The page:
This article originally appeared in the October – November 2017 issue of Generations Magazine.
Core training is one of the most popular concepts in the field of fitness and physical therapy. Core stability training is often associated with strengthening your abdominal muscles — the “abs.” The ab muscles play a very important role, but the core also includes multiple muscles in the mid-lower back, pelvic floor, hips and buttocks.
This ring of muscles, or the “internal belt,” holds us up during the day, reducing falls, decreasing back pain and improving posture and even bladder control.
Whether you are lifting your grandchild or playing your favorite sport, your core muscles help maintain the body in proper alignment to avoid injury.
I often see patients who fall victim to the latest fitness trends that train the core improperly, leading to spine or leg injuries. Crunches, side-bends and rotational exercises with weights or kettlebells are not bad, but as we age, they often create more problems than benefits.
Exercises that engage the muscles by bracing the entire trunk — as though you are wearing an internal belt rather than sucking the stomach in and flexing forward — are more effective in improving core stability.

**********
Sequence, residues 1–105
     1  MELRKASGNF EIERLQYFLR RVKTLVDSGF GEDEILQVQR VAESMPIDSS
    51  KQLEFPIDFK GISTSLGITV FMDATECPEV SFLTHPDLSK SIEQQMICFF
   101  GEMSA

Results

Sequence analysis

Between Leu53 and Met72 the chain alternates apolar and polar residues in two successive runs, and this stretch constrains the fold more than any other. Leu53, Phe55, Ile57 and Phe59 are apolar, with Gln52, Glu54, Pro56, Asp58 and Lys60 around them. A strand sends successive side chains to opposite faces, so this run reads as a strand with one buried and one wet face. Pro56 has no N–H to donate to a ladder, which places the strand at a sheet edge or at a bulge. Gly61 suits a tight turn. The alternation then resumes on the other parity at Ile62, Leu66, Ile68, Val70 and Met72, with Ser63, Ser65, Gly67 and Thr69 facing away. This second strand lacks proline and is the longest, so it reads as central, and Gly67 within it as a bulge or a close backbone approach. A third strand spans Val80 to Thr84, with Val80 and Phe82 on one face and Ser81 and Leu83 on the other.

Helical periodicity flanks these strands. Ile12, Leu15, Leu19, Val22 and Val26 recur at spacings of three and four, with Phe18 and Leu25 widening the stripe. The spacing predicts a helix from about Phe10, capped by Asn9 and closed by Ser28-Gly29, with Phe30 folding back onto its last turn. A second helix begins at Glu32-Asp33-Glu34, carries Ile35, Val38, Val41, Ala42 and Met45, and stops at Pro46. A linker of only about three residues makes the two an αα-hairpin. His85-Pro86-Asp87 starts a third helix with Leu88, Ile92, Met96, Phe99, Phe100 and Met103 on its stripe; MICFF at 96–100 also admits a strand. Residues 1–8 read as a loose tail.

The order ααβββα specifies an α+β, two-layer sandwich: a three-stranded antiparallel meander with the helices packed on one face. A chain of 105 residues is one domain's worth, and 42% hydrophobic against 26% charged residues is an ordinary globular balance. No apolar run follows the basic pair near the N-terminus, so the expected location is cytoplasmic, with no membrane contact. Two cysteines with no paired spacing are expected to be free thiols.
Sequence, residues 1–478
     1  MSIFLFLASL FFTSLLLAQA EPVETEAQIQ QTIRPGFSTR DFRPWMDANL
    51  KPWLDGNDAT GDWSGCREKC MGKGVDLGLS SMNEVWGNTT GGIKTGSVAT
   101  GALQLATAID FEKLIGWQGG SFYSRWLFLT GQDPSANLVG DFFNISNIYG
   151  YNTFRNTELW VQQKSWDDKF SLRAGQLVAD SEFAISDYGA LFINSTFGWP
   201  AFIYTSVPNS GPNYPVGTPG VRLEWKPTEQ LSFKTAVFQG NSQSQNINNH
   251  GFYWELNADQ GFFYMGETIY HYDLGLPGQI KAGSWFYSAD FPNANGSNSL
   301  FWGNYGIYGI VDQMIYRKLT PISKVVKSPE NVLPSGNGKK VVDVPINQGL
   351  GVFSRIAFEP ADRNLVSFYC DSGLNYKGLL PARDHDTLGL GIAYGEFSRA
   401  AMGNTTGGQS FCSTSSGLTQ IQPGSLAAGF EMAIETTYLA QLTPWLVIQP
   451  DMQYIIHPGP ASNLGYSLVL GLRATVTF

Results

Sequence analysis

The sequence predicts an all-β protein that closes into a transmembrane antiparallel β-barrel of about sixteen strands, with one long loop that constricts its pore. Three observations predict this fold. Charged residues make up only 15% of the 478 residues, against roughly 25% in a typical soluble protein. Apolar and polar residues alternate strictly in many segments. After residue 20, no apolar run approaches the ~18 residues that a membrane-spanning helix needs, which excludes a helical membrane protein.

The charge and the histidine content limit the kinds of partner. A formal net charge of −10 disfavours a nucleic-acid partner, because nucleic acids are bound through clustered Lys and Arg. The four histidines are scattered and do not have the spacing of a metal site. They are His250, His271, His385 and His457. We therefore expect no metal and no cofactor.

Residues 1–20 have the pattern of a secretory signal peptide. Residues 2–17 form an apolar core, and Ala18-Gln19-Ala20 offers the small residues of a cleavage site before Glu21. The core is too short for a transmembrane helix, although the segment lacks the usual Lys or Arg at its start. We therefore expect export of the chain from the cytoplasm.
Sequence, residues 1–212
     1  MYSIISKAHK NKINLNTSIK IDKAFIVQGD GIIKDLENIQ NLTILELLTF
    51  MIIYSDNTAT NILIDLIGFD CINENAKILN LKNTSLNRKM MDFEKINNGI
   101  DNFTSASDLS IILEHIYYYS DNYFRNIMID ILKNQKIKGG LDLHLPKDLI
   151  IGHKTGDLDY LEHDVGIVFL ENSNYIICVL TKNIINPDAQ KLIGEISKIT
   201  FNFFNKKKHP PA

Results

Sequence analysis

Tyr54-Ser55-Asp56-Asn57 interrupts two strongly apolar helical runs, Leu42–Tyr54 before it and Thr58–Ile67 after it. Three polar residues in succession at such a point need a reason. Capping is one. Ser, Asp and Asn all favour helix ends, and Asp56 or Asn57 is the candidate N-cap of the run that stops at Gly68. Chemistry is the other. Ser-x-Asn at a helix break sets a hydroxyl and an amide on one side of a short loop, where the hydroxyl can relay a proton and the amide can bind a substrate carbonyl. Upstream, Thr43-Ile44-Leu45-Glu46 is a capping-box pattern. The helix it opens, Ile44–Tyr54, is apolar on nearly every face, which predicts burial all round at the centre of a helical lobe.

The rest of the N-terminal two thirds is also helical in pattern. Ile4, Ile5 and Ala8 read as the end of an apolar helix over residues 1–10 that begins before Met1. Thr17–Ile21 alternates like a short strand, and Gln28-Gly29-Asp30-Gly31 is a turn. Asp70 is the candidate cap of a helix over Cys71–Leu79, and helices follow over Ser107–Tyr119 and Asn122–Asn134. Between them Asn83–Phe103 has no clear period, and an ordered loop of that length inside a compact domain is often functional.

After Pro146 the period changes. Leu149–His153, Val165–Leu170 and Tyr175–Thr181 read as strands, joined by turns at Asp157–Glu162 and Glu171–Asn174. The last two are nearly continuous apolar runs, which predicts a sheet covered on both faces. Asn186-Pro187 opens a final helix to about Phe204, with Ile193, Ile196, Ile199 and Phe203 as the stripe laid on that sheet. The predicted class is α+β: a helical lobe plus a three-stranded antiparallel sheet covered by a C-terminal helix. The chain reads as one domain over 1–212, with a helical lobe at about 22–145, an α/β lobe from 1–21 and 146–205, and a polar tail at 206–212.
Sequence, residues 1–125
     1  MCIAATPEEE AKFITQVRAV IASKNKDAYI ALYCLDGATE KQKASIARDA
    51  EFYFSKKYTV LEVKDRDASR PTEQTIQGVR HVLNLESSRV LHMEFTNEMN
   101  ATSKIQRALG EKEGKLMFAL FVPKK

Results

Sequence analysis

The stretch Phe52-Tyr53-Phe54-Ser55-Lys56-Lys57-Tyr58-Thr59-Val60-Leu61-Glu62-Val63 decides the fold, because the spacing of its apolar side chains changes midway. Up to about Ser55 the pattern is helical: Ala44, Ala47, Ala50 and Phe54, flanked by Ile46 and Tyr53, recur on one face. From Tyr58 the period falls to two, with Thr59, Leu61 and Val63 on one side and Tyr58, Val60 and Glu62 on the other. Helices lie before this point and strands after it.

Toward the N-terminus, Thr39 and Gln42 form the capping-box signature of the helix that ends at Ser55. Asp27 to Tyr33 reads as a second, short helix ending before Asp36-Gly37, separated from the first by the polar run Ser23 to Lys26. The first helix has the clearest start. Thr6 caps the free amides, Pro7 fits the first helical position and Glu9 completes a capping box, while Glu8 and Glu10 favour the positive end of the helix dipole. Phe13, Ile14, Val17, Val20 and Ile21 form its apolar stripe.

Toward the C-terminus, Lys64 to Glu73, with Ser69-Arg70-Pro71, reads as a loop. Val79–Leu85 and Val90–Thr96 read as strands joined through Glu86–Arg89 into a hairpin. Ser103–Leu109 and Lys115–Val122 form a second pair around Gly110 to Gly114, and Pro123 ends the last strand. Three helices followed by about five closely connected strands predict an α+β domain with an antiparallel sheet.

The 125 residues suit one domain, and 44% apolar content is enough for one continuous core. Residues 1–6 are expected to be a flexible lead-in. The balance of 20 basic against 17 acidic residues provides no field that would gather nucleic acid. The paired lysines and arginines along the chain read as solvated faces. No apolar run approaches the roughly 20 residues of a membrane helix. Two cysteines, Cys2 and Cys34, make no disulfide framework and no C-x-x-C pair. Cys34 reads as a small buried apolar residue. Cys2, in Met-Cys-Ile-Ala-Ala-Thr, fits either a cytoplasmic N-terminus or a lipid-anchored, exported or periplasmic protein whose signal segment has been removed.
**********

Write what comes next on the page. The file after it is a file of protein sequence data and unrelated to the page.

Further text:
If you have poor posture and a weak core, try this simple, effective exercise to begin developing core control:
- Start by finding an open wall.
- Stand at the wall facing outward. Then place your heels about 6 inches away from bottom portion of the wall.
- While keeping your foot planted, lean back against the wall with your back flush to the wall.
- Pull your shoulders and arms back so they touch the wall.
- Push your shoulders down with your palms facing out.
- Tighten your abdominals so your lower back touches the wall — as if a force is sucking your back up against it.
- Stand tall and breathe, hold for 30 seconds and then relax. Repeat 10 to 15 times.
This simple exercise will tighten your internal belt and help you avoid injuries.